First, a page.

2020-04-15 Learning things "Empirically" (with data - shocking, I know)

Over the past week and a half or so, I have been becoming acquainted with some of the field of the social sciences. For example, I learned that when you do an “empirical” study, that means doing linear regression on some dataset that you found, got access to, or somehow compiled. It seem’s that’s where all the non theoretical quantitative knowledge we have about society came from. I learned all that from reading four papers and trashing one of them.

That is an…enlightening realization. It is also somewhat enticing. It might be that the bar for making real progress in the social sciences is so low that it might be underground. I keep thinking that if you just sprinkle some blockchain machine learning fairy dust on a social science dataset you might actually get a paper. Don’t believe me? Think things can’t be so easy? Well, let me tell you this inspiring story then: Caltech has this prediction challenge class CS156b where anyone at Caltech, enrolled or not, can take a stab at predicting the future of Coronavirus deaths in the US. Last week our very own Michael submitted the following braindead model, just so sovclub (yes that is the team name) would get something in. In his own words:

"It’s really brain dead simple: I assume a constant fraction of everyone who’s going to die on day i would already have gotten tested by day i-n, where n <= 14 days. I plot (deaths on day i) vs. (cases on day i-n) for all counties, and for each num. cases, I calculate the percentiles of deaths and then the prediction would simply be looking at how many confirmed cases there are today and calculating the percentiles likewise. So anything else we come up with should beat this benchmark, or else it’s not worth pursuing.” <- He just said what everyone else did is not worth pursuing, you’ll see in a second.
And then this week we got an email titled “sovclub report” . And my first reaction was thinking “Oh shit, I always knew sovclub wasn’t a real safespace, I couldn’t just say whatever I wanted, darn, it was really a kind of public forum and even with the first amendment, in a university setting, if people take offense, in the current climate…” and then I open the email and realize that it’s taking about sovclub the team and that report refers to providing a report describing the model submitted because we got…first place. Yeah. Half of the Caltech undergrads competing in this class, and then some, and it’s the team with me and Dylan on it that get first place? The take home message here is very clear.

If the bar for the realm of stuff literally the entire world and the smartest people in the world are thinking about is this low, what about the bar for the realm where almost exclusive non quantitative social and political science majors think about? How much low hanging fruit - its actually probably on the ground really - is there to grab?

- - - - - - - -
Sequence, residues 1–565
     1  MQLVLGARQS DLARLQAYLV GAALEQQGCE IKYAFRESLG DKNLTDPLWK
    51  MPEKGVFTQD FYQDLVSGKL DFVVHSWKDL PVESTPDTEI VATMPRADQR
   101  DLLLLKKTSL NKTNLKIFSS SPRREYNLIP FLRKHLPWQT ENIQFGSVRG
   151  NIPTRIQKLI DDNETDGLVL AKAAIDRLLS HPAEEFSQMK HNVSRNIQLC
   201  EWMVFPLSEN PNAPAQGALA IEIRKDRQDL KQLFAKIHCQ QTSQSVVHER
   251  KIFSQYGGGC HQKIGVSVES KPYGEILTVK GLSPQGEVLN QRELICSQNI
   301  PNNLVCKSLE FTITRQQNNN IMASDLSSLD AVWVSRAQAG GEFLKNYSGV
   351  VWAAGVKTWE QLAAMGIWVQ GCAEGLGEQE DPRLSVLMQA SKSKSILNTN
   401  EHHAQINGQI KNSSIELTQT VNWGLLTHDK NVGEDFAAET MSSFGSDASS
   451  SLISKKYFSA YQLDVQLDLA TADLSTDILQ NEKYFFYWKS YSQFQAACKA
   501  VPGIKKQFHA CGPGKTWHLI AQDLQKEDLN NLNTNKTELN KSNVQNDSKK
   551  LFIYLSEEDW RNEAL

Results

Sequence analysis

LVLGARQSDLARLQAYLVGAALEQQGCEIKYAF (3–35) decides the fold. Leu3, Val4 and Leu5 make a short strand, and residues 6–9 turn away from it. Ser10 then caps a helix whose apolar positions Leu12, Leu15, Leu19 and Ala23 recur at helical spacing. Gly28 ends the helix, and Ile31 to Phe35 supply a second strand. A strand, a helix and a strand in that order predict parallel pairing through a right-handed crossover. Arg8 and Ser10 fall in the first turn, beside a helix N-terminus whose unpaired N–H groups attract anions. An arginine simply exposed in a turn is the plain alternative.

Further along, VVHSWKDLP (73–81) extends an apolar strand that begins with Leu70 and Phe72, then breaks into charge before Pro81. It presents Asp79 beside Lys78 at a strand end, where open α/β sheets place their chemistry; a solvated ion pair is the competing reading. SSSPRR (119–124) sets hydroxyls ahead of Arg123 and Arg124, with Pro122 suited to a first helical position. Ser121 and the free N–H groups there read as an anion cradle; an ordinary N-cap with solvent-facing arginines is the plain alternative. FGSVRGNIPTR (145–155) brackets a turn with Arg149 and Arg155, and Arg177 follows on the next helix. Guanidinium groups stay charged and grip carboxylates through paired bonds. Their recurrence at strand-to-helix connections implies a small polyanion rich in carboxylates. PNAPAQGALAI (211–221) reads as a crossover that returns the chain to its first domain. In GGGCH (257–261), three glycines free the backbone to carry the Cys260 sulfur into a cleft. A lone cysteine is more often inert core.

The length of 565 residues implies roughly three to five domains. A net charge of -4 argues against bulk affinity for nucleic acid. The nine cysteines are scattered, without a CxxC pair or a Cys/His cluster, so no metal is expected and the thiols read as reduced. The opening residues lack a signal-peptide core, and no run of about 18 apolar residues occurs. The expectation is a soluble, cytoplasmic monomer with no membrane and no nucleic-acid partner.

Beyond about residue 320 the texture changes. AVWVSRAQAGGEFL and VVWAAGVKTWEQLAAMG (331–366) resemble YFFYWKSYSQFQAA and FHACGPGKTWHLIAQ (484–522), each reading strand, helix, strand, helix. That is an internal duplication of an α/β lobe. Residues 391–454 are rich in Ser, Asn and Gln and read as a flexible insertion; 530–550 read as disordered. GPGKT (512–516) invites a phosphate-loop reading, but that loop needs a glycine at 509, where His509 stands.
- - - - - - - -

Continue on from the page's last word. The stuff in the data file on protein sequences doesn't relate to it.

To that end, this week I’d like to get the smart, eclectic membership of sovclub thinking about the datasets about the social aspects of the world that we have out there, and what kind of clever things we could do with them. One interesting website providing tons of nice data is Gapmider. It has loads of data for download in csv or excel format ready to be loaded into Python. But they also have some interesting stuff to make you think about the world, you know, like this dollar street project where they went to the houses of hundreds of families across the world over different income levels and took thousands of pictures of everything in their homes. It’s kinda like an economic voyeur fetish kinda thing. I liked it, not gonna lie.

And another database I learned about last week is this Luxembourg Income Study Database (LIS) where they got some really detailed economic data on dozens of countries over several years. The data seems to be really good, but unfortunately it’s shockingly not directly accessible. You need to write a script in R, SAS, SPSS or Stata (ugh) to query the data and only get aggregate results. I can only imagine this is a cumbersome annoying process to iterate over, and you can’t use Python. You see why progress in the social sciences is so slow and haphazard… on the upside, I managed to get an account and I guess I can submit jobs there now, if I could be bothered to learn their syntax and suffer through R…and so could you, I guess. But anyway,

Join us Wednesday April 16 at 6PM PST on this link https://caltech.zoom.us/j/4359087668 to talk about learning things with data! And beer! (or any alcohol of your choice).

In Sovereignty,

Eduardo

PS: I’ve been rather disappointed with the lack of virtual happy hours and socializations happening since the beginning of the great lockdown… So I’d like to take upon myself (and all of you) to rectify that. Would people be keen on having a regular sovbeer bullshit exclusive hour on Friday, Saturday or Sunday, in addition to the Wednesday calls? Let me know.

PSS: In lieu of the physicality of Mr. Raffles, we might have created a new virtual mascot, sovball, which can be readily inserted into any imaginary narratives, ideally involving country balls. Can you surprise us with any?